read_buffer=16M
write_buffer=16M

[mysqlhotcopy]
interactive-timeout

[client]
socket=/path/to/mysql.sock

Below are notes on some of the important variables, I took down while tuning the config file.

   1. query_cache_size:
          * MySQL 4 provides one feature that can prove very handy - a query cache. In a situation where the database has to repeatedly run the same queries on the same data set, returning the same results each time, MySQL can cache the result set, avoiding the overhead of running through the data over and over and is extremely helpful on busy servers.
   2. key_buffer_size:
          * The value of key_buffer_size is the size of the buffer used with indexes. The larger the buffer, the faster the SQL command will finish and a result will be returned. The rule-of-thumb is to set the key_buffer_size to at least a quarter, but no more than half, of the total amount of memory on the server. Ideally, it will be large enough to contain all the indexes (the total size of all .MYI files on the server).
          * A simple way to check the actual performance of the buffer is to examine four additional variables: key_read_requests, key_reads, key_write_requests, and key_writes.
          * If you divide the value of key_read by the value of key_reads_requests, the result should be less than 0.01. Also, if you divide the value of key_write by the value of key_writes_requests, the result should be less than 1.
   3. table_cache:
          * The default is 64. Each time MySQL accesses a table, it places it in the cache. If the system accesses many tables, it is faster to have these in the cache. MySQL, being multi-threaded, may be running many queries on the table at one time, and each of these will open a table. Examine the value of open_tables at peak times. If you find it stays at the same value as your table_cache value, and then the number of opened_tables starts rapidly increasing, you should increase the table_cache if you have enough memory.
   4. sort_buffer:
          * The sort_buffer is very useful for speeding up myisamchk operations (which is why it is set much higher for that purpose in the default configuration files), but it can also be useful everyday when performing large numbers of sorts.
   5. read_rnd_buffer_size:
          * The read_rnd_buffer_size is used after a sort, when reading rows in sorted order. If you use many queries with ORDER BY, upping this can improve performance. Remember that, unlike key_buffer_size and table_cache, this buffer is allocated for each thread. This variable was renamed from record_rnd_buffer in MySQL 4.0.3. It defaults to the same size as the read_buffer_size. A rule-of-thumb is to allocate 1KB for each 1MB of memory on the server, for example 1MB on a machine with 1GB memory.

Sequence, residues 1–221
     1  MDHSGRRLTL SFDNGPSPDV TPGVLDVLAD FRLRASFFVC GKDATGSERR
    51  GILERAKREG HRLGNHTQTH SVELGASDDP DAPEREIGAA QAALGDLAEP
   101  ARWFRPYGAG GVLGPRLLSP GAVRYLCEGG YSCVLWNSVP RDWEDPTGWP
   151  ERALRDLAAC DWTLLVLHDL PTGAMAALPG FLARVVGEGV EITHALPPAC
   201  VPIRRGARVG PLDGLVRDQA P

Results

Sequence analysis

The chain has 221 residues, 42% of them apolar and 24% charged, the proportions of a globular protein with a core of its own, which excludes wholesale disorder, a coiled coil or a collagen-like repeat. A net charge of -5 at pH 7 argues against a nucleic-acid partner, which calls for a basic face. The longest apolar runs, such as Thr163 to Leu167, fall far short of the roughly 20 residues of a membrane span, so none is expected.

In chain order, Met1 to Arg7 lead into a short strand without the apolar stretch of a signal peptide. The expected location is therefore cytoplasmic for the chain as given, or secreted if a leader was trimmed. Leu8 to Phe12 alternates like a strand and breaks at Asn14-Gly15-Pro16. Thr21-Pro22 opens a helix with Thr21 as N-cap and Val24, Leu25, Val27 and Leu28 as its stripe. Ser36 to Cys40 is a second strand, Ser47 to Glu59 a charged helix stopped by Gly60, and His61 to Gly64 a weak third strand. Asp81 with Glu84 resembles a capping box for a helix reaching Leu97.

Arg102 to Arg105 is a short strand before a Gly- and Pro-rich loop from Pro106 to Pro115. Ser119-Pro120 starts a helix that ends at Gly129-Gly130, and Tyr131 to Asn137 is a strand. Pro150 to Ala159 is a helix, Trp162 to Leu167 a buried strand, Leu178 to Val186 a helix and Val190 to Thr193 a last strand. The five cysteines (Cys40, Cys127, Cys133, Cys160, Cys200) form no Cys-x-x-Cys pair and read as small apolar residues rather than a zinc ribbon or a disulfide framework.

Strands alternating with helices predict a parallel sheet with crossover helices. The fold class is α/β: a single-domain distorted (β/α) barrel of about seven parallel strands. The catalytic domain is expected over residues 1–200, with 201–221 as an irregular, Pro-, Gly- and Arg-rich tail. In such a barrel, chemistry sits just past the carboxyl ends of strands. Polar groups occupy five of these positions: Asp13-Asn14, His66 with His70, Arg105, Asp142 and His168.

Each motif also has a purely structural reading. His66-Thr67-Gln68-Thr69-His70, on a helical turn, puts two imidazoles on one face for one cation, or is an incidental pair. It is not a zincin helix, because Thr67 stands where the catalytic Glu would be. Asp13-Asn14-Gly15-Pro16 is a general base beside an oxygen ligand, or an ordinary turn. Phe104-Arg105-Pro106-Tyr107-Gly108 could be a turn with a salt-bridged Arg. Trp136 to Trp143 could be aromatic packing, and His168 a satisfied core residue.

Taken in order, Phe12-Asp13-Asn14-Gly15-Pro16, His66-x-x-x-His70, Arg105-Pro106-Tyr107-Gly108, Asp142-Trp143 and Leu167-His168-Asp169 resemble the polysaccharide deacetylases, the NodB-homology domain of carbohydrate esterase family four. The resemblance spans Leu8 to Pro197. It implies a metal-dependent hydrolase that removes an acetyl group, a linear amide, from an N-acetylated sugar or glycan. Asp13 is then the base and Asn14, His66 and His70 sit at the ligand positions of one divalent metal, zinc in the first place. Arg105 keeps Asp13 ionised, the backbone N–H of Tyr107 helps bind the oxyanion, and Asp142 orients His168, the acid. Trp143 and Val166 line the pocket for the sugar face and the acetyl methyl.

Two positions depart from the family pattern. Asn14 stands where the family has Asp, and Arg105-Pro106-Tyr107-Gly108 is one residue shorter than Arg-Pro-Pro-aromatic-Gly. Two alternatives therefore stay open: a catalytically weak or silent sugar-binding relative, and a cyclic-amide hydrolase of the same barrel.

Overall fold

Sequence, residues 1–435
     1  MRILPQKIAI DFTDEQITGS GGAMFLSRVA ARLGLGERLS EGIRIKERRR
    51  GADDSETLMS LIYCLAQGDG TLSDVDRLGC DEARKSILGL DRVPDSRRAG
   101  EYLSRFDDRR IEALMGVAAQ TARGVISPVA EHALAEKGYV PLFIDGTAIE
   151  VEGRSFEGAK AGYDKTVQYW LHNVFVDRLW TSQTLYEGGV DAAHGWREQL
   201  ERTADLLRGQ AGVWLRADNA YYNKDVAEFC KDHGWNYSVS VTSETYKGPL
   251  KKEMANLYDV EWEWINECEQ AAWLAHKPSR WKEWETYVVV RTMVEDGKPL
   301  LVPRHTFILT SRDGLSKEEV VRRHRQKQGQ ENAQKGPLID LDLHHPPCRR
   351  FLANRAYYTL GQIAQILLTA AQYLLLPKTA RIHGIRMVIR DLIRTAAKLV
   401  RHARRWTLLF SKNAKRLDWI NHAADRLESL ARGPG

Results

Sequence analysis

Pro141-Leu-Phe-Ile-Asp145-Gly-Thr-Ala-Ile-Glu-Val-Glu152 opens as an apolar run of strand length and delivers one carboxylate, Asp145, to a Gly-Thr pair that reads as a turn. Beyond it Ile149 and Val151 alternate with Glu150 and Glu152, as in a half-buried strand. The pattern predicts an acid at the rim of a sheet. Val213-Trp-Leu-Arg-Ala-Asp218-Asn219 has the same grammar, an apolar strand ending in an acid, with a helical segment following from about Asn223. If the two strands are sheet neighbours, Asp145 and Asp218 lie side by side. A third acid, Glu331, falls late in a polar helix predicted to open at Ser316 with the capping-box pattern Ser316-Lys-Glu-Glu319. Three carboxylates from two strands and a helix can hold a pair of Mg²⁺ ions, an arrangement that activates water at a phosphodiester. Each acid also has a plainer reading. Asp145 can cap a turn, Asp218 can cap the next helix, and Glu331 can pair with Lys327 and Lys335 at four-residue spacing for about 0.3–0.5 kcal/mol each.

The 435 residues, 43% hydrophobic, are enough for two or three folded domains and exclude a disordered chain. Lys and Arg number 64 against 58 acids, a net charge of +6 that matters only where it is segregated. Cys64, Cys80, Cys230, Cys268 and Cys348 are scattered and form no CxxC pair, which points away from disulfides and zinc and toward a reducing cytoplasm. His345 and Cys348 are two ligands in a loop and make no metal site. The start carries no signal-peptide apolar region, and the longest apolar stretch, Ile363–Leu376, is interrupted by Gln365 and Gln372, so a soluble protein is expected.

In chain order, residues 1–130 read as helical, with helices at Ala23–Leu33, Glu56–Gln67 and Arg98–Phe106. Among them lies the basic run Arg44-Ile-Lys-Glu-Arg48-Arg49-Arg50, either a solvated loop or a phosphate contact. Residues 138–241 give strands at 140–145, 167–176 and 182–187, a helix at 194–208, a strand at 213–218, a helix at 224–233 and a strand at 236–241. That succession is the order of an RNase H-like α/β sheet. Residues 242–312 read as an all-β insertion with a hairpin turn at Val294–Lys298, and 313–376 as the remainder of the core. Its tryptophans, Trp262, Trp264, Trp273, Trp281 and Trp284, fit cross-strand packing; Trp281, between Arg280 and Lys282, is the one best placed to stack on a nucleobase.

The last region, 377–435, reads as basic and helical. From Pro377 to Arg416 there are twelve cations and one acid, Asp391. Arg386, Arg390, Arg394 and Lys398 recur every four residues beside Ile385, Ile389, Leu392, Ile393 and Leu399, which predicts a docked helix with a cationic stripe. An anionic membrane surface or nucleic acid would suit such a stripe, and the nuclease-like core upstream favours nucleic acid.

6. thread_cache:
          * If you have a busy server that's getting a lot of quick connections, set your thread cache high enough that the Threads_created value in SHOW STATUS stops increasing. This should take some of the load off of the CPU.
   7. tmp_table_size:
          * "Created_tmp_disk_tables" are the number of implicit temporary tables on disk created while executing statements and "created_tmp_tables" are memory-based. Obviously it is bad if you have to go to disk instead of memory all the time.

-->

[mysqld]

connect_timeout=15

interactive_timeout=100

join_buffer_size=1M

key_buffer=256M

max_allowed_packet=16M

max_connections=500

max_connect_errors=10

myisam_sort_buffer_size=64M

read_buffer_size=2M

read_rnd_buffer_size=2M

sort_buffer_size=2M

table_cache=1024

thread_cache_size=100

thread_concurrency=4

wait_timeout=300

query_cache_size=128M

query_cache_limit=1M

query_cache_type=1

skip-innodb


For people with a single CPU be sure to set thread_concurrency to 2 (4 is for Dual CPUs). People with 1GB of RAM, you might want to consider lowering the key_buffer to 64M and the myisam_sort_buffer_size to 32M. This really just depends on how much free memory your system has during peak traffic hours. If you increase these too much and your system runs out of physical RAM and starts swapping to disk, your system is going to eat it hard.

For more information about Mysqld variables, please read the following articles as they explain all the settings in-depth and how to fine-tune them: Article 1 and Article 2 and Article 3
http://www.databasejournal.com/features/mysql/article.php/1402311
http://www.databasejournal.com/features/mysql/article.php/3367871
http://www.databasejournal.com/features/mysql/article.php/3110171





With Dual 2.0GHz Xeon with 2GB of RAM running RedHat Enterprise:

[Linux]

/etc/sysctl.conf

tcp_window_scaling, sack, fack, etc, turned off, but I leave them on

/etc/sysctl.conf
CODE
# Kernel sysctl configuration file for Red Hat Enterprise Linux

# Controls IP packet forwarding
net.ipv4.ip_forward = 0

# Controls source route verification
net.ipv4.conf.default.rp_filter = 1
net.ipv4.conf.all.rp_filter = 1

# Disables IP source routing
net.ipv4.conf.default.accept_source_route = 0
net.ipv4.conf.all.accept_source_route = 0

# Controls the System Request debugging functionality of the kernel